Playing another character to get a different perspective honestly doesn’t help more than just playing your main more, in my experience. Learning how to execute something and how to play against something are entirely different skills. How many Cammy players do you think can actually block the Ryu backthrow unblockable? They don’t actually bother… because they don’t play Ryu. Learning how to block it doesn’t actually make them a better Cammy player necessarily. If you pick up another character and it’s not for “business,” I think it’s really more for fun than anything. Not that there’s anything wrong with that of course.


#13

I can’t agree, Bison’s anti-airs are all extremely situational, especially if they require a charge. No experienced player will ever jump at Bison if he has a charge. Don’t get me wrong, they can work, but the opponent has to do a very predictable or mistimed jump.
Bison doesn’t have any answer to deep jump-ins and crossups, especially when the opponent is good at jumping.

I believe it helps immensely. It really makes you a more complete player, even Justin Wong said it in one of Eventhubs’ columns:
“As you guys know that Rufus is a very offensive rush down type of character. He does not have the best footsies and the best patience but after learning a more footsie-based character like Adon, M. Bison, etc., it made me more comfortable with being patient and understanding how footsies work in SSF4 AE v2012. So with the fusion of learning opposite engines, it might be beneficial in the long run because you can add it to your game, OR you understand how to approach an opponent that uses that strategy better.”

Another example of this are Chun-li players.
I had a friend who played a decent Chun, and when Super came out, he decided to drop her and find a new main.
As we know, Chun has probably the most powerful pokes in the game. She completely shuts down Bison’s neutral game, and her priority is unmatched.
Guess what? He quit the game because every other character he tried had “shitty normals”. Just like a spoiled kid: without Chun’s normals, he would be lost. And that’s what happened.
Learning a new character makes you realize your character’s strenghts, and helps you not to abuse them too much imo.


#14

Jump back fierce/mp or nj.hk.


#15

With “deep jump-ins” I meant jumps that hit very low to the ground. Jump has 3 or 4 startup, j.back fierce has 8 startup, and that’s only if you do it at the exact same frame as you leave the ground.


#16

How much startup do you think a crossup jump has?

It’s like 30 until your attack hits off the top of my head.

Deep jump ins are more susceptible to rising air to airs, not less.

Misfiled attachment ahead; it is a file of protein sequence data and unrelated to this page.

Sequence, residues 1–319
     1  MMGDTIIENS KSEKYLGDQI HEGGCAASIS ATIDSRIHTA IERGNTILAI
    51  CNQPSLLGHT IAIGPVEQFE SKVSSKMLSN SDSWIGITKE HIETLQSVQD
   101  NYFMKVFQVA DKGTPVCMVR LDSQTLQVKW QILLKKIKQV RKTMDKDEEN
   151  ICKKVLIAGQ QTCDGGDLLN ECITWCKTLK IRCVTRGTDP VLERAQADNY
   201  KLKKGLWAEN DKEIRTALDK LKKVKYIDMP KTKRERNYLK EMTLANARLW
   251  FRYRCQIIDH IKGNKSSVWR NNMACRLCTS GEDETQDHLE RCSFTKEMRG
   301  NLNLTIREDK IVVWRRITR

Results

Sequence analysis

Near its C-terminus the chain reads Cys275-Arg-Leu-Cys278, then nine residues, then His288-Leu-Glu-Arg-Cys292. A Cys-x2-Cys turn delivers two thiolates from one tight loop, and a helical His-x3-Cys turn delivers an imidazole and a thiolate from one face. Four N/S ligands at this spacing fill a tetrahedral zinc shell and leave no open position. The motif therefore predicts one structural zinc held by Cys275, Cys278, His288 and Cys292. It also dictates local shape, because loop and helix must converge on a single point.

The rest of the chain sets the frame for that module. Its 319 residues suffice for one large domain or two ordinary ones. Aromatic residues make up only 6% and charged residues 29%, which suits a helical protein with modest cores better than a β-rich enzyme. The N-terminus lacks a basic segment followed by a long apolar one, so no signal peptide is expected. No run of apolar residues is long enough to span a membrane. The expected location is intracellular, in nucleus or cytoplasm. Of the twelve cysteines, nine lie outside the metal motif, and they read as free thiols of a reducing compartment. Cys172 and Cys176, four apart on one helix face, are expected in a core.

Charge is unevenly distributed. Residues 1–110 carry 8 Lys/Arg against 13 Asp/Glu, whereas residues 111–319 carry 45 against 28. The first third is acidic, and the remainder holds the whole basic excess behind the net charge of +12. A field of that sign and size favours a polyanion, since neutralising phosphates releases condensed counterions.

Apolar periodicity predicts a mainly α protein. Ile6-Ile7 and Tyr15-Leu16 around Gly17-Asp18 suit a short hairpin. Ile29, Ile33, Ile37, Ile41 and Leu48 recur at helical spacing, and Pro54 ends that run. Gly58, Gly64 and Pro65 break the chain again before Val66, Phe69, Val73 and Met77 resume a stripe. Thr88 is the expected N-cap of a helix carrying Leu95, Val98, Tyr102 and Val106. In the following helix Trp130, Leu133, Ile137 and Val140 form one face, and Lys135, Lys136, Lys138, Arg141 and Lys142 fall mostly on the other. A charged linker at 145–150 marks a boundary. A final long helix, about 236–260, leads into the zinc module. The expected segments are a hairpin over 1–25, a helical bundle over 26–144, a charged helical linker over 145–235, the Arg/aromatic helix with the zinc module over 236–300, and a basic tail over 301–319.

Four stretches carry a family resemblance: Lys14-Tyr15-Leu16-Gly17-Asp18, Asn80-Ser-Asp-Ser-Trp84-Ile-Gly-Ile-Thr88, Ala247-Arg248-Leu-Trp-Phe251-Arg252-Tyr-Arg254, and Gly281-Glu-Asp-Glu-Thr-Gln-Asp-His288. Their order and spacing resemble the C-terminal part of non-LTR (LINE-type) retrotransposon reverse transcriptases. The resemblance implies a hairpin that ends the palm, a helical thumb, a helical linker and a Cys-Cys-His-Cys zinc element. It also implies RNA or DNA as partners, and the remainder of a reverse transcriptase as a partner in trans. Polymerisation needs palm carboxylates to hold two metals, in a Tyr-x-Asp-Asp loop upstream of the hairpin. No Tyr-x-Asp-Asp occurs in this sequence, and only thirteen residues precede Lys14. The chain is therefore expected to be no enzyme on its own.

#17

Maybe I’m using the wrong term, but isn’t a “deep” jump-in a jump that hits the opponent low to the ground (ie: safe jump)? Unlike crossups which hit very high?
But yeah you’re right about crossups being air-to-air-able, it’s so hard to react though, at least for me


#18

I dont play sf4 so take this with a grain of salt:

I find it hard to believe that bison has no anti airs (he may have bad ones, or ones that are hardto use or situational --like in ST, the game i play). And reading through the posts in this thread seem to co firm that. So i suggest, before switching characters learning your anti airs with bison (dictator, right?) especially if you learn to overcome a character’s weakness, you’ll be ahead in that aspect for a character that doesnt have that weakness.

As for footsies, some characters are just better at it than others… You might just have to avoid footsies as much as you can with some characters. But do make sure you’re experimenting with all normqls and specials. Many times hitboxes and priority dont match the animation and thrle reason why you feel like you have no skill in footsies is because you’re pressing the wrong buttons.

If youre relying on footsies with bidon and have been doing it for years, I can assure you even if it is subconsiously, youve mastered many of the elements of footsies, you just have to figure out which buttons to press with your new character. You also might have to use moves that look unsafe (maybe IS unsafe, but can get away with it because od the surprise factor or people not having perfect reactions) so keepthat in mind.


#19

Ugh, the edit button isnt working on my playbook right now. So excuse my double post. But I wanted to clarify why i suggest you stick with dictator to learn how to antiair. It will most likely be less frustrating working an anti air game with him as well. Since you can always revert back to your normal game if you get tired of practicing. You can work on it incrementally as well. Working on antiairing for one situation only and building on that slowly. Or only using one anti air and expanding.


#20

Yeah I see, you’re probably right. I always thought I kept winning footsies battles because of Bison’s normals, and I didn’t really deserve it. However, I realized that when I try another character, I keep loosing in footsies not necessarely because that character has bad normals, but because I’m playing like I’m using Bison. I just need to learn what moves I need to use in which situations.

Anyway I’m noticing I’m super slow at learning a new character. If I’m not playing Bison, I suck. Really HARD. It’s like I forget everything I know about the game and I have to re-learn everything. It’s so frustrating to see so many players juggle between many characters without a problem, when I struggle even to learn one lol.

I think that’s because I’m very slow at learning new things (not only in game, even in life) so I usually have trouble developing new muscle memory. Oh well, what can you do.